Biology Faculty Articles

Convergence of marine megafauna movement patterns in coastal and open oceans

A. M.M. Sequeira, The University of Western Australia
J. P. Rodríguez, Universitat de les Illes Balears
V. M. Eguíluz, Universitat de les Illes Balears
R. Harcourt, Macquarie University
M. Hindell, Institute for Marine and Antarctic Studies
D. W. Sims, Marine Biological Association
C. M. Duarte, The University of Western Australia
D. P. Costa, University of California, Santa Cruz
J. Fernández-Gracia, Universitat de les Illes Balears
L. C. Ferreira, The University of Western Australia
G. C. Hays, Deakin University, School of Life and Environmental Sciences
M. R. Heupel, Australian Institute of Marine Science
M. G. Meekan, The University of Western Australia
A. Aven, Dauphin Island Sea Laboratory
F. Bailleul, South Australian Research and Development Institute
A. M.M. Baylis, South Atlantic Environmental Research Institute
M. L. Berumen, King Abdullah University of Science and Technology
C. D. Braun, Massachusetts Institute of Technology
J. Burns, University of Alaska Anchorage
M. J. Caley, Queensland University of Technology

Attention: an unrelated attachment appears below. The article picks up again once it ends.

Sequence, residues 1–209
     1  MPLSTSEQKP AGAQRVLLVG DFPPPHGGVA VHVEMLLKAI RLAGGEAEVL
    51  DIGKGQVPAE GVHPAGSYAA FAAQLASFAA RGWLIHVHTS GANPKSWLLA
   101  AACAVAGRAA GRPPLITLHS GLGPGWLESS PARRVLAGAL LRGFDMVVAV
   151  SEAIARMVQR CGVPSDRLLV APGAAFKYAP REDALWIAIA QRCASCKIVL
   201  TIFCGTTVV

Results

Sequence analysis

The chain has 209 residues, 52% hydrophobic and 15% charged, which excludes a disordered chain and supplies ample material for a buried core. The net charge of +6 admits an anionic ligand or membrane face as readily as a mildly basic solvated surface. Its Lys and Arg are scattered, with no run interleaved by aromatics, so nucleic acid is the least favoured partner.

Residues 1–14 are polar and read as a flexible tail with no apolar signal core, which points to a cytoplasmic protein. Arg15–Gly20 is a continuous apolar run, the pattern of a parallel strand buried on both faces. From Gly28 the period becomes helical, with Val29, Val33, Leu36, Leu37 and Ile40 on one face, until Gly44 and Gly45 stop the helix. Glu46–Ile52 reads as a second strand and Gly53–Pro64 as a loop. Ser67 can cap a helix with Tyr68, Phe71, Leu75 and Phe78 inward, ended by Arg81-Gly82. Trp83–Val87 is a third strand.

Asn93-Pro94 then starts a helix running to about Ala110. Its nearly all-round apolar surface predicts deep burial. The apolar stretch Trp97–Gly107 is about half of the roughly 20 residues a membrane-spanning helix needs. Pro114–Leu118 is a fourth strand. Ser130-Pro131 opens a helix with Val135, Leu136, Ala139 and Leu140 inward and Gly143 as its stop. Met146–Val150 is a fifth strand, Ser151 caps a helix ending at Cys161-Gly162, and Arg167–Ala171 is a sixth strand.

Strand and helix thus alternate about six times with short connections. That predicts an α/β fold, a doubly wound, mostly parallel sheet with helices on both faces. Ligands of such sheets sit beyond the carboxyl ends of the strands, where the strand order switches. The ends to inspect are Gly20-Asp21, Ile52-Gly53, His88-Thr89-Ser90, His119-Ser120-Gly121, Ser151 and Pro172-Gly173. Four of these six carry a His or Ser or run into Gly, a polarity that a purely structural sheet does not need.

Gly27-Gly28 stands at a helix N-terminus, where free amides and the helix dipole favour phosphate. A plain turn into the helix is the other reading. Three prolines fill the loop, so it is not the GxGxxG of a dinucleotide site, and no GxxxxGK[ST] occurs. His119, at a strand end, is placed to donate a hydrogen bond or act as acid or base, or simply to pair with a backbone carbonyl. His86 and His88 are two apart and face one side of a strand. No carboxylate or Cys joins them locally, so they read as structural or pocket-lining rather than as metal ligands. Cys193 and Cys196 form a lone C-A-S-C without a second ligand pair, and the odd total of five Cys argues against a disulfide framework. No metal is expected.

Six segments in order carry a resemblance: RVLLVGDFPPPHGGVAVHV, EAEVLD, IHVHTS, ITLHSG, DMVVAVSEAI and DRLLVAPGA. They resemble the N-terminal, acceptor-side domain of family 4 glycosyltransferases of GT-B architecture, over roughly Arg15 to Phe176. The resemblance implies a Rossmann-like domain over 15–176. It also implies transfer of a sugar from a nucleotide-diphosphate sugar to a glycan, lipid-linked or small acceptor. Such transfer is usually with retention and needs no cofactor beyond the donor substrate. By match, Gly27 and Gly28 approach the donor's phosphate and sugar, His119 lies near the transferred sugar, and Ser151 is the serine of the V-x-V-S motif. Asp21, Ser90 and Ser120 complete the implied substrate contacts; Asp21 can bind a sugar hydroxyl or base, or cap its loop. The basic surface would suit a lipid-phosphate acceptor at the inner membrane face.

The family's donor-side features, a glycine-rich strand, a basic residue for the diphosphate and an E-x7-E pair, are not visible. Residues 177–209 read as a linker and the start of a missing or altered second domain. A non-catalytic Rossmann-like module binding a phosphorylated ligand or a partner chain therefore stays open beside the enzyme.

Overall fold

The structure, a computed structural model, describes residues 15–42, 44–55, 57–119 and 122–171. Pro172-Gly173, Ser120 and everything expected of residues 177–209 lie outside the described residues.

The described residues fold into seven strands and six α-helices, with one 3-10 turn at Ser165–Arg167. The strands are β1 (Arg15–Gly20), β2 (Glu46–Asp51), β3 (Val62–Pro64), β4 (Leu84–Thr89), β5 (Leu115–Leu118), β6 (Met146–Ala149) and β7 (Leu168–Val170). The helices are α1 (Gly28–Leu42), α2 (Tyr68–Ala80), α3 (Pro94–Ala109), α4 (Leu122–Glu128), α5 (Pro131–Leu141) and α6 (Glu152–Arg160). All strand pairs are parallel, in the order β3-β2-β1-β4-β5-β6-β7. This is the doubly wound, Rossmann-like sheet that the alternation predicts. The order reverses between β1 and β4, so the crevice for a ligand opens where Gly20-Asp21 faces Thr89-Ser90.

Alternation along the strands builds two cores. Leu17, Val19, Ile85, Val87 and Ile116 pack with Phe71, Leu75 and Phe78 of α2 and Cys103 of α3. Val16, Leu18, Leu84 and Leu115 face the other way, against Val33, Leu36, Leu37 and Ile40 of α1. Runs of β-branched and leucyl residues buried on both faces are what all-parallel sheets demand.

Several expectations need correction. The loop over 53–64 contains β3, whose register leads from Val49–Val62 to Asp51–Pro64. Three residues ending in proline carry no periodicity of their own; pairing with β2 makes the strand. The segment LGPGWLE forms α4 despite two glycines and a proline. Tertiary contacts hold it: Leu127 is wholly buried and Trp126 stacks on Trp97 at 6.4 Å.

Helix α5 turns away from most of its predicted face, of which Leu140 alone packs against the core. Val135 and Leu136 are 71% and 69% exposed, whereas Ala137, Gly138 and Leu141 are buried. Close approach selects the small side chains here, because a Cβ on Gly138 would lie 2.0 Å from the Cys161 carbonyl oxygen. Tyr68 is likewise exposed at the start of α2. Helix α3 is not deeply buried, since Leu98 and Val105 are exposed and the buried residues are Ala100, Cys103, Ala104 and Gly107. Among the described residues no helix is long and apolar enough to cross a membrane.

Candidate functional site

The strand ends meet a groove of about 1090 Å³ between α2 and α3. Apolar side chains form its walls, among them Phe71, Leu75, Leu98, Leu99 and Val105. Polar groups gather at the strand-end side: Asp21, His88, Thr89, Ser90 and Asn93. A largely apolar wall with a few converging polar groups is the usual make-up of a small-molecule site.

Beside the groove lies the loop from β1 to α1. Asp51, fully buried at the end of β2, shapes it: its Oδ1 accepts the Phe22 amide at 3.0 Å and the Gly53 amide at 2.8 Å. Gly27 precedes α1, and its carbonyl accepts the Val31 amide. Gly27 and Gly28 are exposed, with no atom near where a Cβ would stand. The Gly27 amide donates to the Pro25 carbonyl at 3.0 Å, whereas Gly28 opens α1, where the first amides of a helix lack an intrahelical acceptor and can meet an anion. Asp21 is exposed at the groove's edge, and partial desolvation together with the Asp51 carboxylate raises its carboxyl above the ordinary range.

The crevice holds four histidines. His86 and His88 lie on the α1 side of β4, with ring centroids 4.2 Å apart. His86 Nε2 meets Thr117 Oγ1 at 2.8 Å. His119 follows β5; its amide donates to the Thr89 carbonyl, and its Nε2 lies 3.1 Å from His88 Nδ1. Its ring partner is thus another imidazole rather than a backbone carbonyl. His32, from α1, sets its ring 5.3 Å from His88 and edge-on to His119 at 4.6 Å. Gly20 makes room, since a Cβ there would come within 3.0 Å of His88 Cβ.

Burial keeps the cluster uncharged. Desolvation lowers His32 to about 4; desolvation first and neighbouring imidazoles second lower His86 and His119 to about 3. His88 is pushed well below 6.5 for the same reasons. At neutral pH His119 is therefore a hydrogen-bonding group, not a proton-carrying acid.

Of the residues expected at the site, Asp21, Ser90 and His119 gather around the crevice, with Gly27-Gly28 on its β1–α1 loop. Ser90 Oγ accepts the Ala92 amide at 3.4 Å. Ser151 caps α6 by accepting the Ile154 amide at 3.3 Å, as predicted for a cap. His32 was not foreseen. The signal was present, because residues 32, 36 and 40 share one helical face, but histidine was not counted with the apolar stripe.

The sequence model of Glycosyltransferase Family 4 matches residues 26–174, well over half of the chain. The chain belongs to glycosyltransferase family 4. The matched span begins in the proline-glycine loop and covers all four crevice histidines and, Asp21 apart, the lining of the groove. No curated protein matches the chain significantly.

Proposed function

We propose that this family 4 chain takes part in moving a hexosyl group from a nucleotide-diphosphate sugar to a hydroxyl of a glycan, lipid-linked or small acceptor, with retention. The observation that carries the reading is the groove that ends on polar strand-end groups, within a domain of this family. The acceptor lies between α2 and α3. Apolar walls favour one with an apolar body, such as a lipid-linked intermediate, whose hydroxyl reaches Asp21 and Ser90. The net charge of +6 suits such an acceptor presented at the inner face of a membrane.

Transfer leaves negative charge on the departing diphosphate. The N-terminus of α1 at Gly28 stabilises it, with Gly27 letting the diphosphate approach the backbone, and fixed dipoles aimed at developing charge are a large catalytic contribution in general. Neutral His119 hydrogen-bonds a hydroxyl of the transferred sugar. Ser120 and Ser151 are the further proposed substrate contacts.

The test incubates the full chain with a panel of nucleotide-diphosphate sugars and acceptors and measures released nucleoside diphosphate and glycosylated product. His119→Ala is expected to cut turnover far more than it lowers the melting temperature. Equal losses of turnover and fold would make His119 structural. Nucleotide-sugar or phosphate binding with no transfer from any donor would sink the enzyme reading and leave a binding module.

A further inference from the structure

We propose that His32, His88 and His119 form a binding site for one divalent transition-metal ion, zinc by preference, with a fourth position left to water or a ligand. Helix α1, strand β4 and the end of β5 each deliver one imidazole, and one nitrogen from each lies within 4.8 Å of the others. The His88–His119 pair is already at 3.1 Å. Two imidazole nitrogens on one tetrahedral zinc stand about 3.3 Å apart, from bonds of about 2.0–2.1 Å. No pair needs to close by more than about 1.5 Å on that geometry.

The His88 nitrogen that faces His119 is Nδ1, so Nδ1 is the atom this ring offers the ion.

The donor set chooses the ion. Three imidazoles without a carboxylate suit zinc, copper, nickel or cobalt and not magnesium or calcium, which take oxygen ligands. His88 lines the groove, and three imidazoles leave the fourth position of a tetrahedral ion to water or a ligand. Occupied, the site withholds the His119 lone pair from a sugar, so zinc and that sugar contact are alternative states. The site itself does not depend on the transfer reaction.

R. Campbell, Science Division
R. H. Carmichael, Dauphin Island Sea Laboratory


The extent of increasing anthropogenic impacts on large marine vertebrates partly depends on the animals' movement patterns. Effective conservation requires identification of the key drivers of movement including intrinsic properties and extrinsic constraints associated with the dynamic nature of the environments the animals inhabit. However, the relative importance of intrinsic versus extrinsic factors remains elusive. We analyze a global dataset of ∼2.8 million locations from <2, 600 tracked individuals across 50 marine vertebrates evolutionarily separated by millions of years and using different locomotion modes (fly, swim, walk/paddle). Strikingly, movement patterns show a remarkable convergence, being strongly conserved across species and independent of body length and mass, despite these traits ranging over 10 orders of magnitude among the species studied. This represents a fundamental difference between marine and terrestrial vertebrates not previously identified, likely linked to the reduced costs of locomotion in water. Movement patterns were primarily explained by the interaction between species-specific traits and the habitat(s) they move through, resulting in complex movement patternswhenmoving close to coasts compared with more predictable patterns when moving in open oceans. This distinct difference may be associated with greater complexity within coastal microhabitats, highlighting a critical role of preferred habitat in shaping marine vertebrate global movements. Efforts to develop understanding of the characteristics of vertebrate movement should consider the habitat(s) through which they move to identify how movement patterns will alter with forecasted severe ocean changes, such as reduced Arctic sea ice cover, sea level rise, and declining oxygen content.